The line never could be made to work at 2,400 volts, for practical reasons, and the voltage was dropped back to 1,200. Low voltage D/C has a short range - Edison started building a D/C system in NYC, but it required a power plant every few blocks. Using single phase A/C, which would have eliminated the need for costly substations for converting A/C to D/C, did not occur with any real success. By the time the technology was adapted for used on interurban cars,the systems mostly had D/C in place, and for compatibility reasons, that meant that new lines would also have to use D/C, or complicated and expensive schemes for using for A/C and D/C. With higher voltages, lower line losses, longer range, and the relative ease of going from high voltages to lower ones, a lot of interurban system overhead would have been eliminated, and the coaches could have been run for very little. Alas, the timing was such that this never happened. The technology of year 2013 would make this a solved problem, but the interurban systems are probably gone forever now, except for a few light rail systems here and there that one could either call trolley or interurban systems. The definition is blurred in year 2013 because of the enormous urban sprawl around the US, which often means that one city or town never really ends before the next one begins.

With maybe two stops, the coaches could average 55 miles per hour between GR and Kalamazoo, which rivals the downtown to downtown time that can be achieved in year 2012.

Left click on the image below for a larger version.

The image above is a builder's photo of Michigan Electric's 802, one of the coaches that plied the run between Grand Rapids and Kalamazoo between 1915 and 1928. It's likely the view at the left is of the back of the coach, since neither the headlight nor the "cow catcher" is seen Like steam engine companies, the St. Louis coach company took one or more photographs of each completed coach. Where these photos have survived, they have a lot of historical value, because they show the coach when new, and not the battered wrecks they often were just before being scarped.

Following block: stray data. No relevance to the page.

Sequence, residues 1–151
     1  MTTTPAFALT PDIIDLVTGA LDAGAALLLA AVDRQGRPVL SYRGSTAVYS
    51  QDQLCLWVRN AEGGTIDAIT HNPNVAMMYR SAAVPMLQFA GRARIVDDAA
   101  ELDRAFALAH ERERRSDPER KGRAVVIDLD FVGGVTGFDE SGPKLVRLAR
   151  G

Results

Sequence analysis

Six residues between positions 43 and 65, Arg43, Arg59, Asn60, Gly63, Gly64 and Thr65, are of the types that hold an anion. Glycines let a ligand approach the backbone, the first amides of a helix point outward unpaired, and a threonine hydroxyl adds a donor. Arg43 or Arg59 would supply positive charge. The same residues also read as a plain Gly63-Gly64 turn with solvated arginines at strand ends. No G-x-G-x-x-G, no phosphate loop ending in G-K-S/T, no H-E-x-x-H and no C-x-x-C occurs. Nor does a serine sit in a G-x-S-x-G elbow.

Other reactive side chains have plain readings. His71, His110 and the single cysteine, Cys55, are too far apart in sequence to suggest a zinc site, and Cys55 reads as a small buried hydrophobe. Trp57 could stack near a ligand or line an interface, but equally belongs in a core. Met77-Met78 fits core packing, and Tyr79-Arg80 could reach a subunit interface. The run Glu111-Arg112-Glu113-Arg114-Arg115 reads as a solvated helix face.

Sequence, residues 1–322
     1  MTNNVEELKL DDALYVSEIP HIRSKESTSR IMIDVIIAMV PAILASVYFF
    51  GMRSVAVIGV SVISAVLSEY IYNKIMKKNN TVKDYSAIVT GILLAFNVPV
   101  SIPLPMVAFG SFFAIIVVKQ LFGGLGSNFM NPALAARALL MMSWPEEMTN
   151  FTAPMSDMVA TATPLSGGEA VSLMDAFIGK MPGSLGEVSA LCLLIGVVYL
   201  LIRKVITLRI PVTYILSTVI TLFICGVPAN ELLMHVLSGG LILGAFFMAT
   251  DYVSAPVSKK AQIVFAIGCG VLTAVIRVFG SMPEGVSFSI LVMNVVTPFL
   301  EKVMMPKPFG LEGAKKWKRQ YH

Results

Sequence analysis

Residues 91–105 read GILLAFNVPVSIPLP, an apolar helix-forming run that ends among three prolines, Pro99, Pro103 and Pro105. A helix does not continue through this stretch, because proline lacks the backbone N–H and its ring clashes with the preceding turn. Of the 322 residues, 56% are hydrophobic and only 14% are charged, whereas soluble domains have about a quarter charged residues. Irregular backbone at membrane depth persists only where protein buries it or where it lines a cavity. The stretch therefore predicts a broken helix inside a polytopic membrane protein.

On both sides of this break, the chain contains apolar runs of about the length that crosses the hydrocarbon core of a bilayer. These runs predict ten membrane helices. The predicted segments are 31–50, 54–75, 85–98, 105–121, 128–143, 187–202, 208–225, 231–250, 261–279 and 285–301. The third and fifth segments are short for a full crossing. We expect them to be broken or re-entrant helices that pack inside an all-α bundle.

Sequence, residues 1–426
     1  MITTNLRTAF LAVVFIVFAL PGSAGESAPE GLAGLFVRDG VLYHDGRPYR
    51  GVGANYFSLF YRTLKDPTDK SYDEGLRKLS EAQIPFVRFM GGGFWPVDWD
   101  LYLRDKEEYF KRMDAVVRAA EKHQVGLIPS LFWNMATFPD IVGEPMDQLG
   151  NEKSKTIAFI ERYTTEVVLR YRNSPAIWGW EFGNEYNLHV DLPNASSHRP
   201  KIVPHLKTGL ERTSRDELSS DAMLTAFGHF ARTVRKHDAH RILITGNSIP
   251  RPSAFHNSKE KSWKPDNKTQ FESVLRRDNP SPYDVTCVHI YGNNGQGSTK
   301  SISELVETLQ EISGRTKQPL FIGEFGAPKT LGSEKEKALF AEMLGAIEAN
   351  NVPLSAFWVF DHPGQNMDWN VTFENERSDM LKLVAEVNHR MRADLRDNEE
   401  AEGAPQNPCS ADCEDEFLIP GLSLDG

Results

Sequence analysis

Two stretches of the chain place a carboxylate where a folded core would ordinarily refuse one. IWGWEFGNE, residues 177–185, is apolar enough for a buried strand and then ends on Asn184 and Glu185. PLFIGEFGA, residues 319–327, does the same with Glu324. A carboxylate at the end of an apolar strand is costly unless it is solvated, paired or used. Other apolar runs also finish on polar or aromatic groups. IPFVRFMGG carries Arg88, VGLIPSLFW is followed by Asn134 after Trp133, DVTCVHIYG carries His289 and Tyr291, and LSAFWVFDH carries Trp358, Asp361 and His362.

Left click on the images below for larger versions.

By Pantlind Hotel.

By Pantlind Hotel.

Pantlind Hotel - 2012.

Car 810, above, was one of seven especially large coaches, and had a smoking parlor in the back. These coaches were as heavy as passenger cars used on standard gauge railroads, and are probably the biggest ever built for interurban use. The photos in the top row, middle and left, dated 1922, are the same, but cropped differently somewhere. The one on the left shows just enough more of the building behind it to identify it as the Pantlind Hotel. The image at the right is the Pantlind Hotel in year 2012, and one can see the ornamental work along the roof line matches that of the photos at the left and middle, top row. It's not clear whether the car is sitting on Pearl or Monroe. Monroe is more likely, given the long roof line of brown brick. Some kind of convention was in progress at the time. The image at the left, bottom row, shows the old Pantlind Hotel, and streetcars or interurbans on two sides, suggesting it was long a stop for public transportation, no doubt dropping off passengers from Union train depot. The image at the right, bottom row, shows car 810 entering Grand Rapids.

On the right, bottom row, above, car 810 is arriving in Grand Rapids in November, 1915. It is going from left to right, based on the electric pole.

The image above shows a car on a Jackson/Battle Creek line, but it's likely that the Grand Rapids/Kalamazoo line was very similar in appearance. One can see the third rail on the bottom far right of the photograph. In the more practical, less densely populated world of the 1915 to 1930 time period, a rail with 1,200 volts of D.C. was tolerated. Lethal, fences apparently did exist in many places in an attempt to keep people off the right of way. Built in 2004, if the land could be found, an OSHA approved electric interurban would be hopelessly expensive.

Left click on the images below for larger versions.

The photograph above, left, shows the shoe arrangement for the third rail. They were designed in such a way as to strip ice from the rail in the winter, and only one had to make contact with the rail in order for the car to move forward. This helped the car to get across breaks in the third rail - at depots for example.